In 1997, Frank Miller did this book called Tales to Offend. It was an extra-sized one shot, rather than a graphic novel, and featured three stories. One of the stories was Daddy’s Little Girl, a Sin City tale about a sadistic couple and brutal violence. The other two were about Lance Blastoff, Frank Miller’s take on Buck Rogers.
It isn’t exactly a straight take on the character at all. Lance is brash, loud, and offensive. He’s Buck Rogers after making his way through a crooked mirror, eight or nine packs of smokes, and probably homelessness. The two stories are ’90s-era pop psychology and political correctness versus an unbelievable level of super tough guy machismo. Think of every role Sylvester Stallone, Bruce Willis, and Clint Eastwood ever did being ground up into bits and reformed as one being, and then that one being being force fed a diet of trashy movies and old EC books.
I don’t think that it’s Miller’s best work, but it is one of the relatively few times he’s done an out and out humor book, so it’s pretty interesting to see. It’s also one of the things he’s done that I can’t seem to find reprinted or collected. Daddy’s Little Girl made it into “Booze, Broads, & Bullets,” a collection of Sin City one shots, but Lance has faded into the ether.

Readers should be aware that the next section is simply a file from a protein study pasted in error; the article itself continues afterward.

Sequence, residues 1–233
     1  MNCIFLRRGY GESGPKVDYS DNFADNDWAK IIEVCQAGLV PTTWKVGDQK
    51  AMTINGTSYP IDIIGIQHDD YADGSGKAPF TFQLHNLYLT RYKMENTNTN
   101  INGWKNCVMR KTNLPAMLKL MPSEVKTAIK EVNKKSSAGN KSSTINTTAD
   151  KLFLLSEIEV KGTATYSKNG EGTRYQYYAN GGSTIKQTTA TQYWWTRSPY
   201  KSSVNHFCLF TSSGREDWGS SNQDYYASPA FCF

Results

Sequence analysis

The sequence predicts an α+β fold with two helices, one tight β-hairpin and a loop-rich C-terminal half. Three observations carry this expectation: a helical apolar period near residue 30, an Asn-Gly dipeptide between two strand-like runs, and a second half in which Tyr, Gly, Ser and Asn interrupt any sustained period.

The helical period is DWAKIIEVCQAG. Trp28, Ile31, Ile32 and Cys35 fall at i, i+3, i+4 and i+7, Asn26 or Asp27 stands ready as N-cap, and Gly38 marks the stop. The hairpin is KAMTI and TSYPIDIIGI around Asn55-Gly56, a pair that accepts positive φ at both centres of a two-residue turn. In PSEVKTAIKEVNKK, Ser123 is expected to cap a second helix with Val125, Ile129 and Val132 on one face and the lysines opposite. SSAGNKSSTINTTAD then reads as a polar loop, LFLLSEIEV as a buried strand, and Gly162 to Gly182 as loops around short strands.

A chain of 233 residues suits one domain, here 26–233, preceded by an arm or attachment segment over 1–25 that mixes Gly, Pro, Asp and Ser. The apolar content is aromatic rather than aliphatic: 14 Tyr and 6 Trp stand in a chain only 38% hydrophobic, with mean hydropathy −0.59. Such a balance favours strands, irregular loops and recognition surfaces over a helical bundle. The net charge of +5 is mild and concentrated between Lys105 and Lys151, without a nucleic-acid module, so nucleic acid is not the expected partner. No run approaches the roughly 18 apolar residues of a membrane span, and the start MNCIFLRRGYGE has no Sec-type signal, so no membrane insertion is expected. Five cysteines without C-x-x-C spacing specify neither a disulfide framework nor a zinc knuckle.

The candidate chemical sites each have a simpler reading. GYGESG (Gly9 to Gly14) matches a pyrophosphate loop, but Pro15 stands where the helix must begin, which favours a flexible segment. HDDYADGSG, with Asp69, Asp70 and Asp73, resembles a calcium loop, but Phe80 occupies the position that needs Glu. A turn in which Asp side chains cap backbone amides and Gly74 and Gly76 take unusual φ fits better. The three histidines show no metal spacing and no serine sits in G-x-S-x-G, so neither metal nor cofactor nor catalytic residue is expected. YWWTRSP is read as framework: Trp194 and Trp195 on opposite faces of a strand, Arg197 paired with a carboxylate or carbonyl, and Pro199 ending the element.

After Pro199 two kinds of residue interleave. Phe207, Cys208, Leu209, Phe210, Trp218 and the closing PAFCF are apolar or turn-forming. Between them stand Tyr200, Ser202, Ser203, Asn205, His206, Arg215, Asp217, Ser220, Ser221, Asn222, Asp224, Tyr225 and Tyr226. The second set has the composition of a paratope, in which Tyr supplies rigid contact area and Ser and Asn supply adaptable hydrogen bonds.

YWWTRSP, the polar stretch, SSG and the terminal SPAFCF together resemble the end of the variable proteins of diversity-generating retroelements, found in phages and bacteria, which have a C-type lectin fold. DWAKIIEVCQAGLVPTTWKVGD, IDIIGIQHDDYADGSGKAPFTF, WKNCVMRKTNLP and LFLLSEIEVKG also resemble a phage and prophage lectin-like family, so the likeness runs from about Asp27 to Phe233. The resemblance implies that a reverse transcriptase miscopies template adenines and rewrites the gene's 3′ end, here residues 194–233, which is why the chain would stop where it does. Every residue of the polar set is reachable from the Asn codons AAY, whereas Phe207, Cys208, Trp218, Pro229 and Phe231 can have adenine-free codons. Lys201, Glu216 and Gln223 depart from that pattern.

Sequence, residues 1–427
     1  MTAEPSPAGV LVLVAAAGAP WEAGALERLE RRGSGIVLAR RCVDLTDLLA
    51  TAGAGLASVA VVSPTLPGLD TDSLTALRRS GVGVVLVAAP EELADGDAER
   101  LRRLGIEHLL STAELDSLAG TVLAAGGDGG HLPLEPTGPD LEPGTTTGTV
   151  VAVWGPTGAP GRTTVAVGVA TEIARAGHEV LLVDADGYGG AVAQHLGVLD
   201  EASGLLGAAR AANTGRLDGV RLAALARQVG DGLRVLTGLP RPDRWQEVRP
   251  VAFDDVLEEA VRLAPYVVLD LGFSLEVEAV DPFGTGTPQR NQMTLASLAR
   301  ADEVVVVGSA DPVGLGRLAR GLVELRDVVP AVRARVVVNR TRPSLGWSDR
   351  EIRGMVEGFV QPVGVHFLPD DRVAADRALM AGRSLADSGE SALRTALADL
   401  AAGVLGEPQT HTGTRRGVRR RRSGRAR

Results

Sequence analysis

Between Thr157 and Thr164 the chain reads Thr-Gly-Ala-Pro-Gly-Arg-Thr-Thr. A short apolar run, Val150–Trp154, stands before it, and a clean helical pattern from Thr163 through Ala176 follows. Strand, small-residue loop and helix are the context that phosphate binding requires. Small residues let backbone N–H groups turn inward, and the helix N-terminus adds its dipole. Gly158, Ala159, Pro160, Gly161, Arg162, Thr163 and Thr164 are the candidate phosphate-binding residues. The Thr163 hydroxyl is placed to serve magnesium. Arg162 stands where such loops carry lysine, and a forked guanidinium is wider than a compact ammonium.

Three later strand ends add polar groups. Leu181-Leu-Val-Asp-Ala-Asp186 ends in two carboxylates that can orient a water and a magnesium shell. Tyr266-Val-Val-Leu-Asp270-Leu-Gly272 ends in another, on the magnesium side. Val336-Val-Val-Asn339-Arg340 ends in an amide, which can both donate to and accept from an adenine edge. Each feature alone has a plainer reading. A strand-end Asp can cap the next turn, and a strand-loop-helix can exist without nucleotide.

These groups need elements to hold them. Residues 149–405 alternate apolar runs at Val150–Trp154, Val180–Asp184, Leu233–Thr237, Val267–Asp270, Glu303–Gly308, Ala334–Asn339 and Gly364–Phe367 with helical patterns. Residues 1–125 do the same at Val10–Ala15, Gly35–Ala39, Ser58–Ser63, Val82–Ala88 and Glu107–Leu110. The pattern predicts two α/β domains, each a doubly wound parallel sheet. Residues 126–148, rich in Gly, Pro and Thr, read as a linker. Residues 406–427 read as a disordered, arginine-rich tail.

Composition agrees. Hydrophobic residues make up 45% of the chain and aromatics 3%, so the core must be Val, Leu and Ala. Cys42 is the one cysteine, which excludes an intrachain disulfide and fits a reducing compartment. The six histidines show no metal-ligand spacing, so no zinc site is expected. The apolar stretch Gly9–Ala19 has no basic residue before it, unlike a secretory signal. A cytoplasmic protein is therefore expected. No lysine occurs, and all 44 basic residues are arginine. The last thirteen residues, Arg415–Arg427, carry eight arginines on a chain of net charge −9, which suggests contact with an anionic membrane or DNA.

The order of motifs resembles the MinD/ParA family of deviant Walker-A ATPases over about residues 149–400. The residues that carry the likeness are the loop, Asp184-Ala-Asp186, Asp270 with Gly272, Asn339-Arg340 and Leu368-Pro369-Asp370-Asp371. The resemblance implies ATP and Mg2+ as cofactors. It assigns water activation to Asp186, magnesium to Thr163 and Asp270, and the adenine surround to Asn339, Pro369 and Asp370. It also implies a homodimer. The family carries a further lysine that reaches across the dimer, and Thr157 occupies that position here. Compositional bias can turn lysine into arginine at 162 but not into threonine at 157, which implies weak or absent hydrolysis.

I hadn’t even actually read the story until last week, despite having heard about it off and on for years. I love that Miller’s space ships still look like big body Cadillacs. Also nice is how the story is told in pages of two panels a piece until the last two. The “CHOMP” on the next to last page is a total cartoon bit, and I mean that in the best possible way. Lance Blastoff would fit right in on [adult swim] nowadays, I think.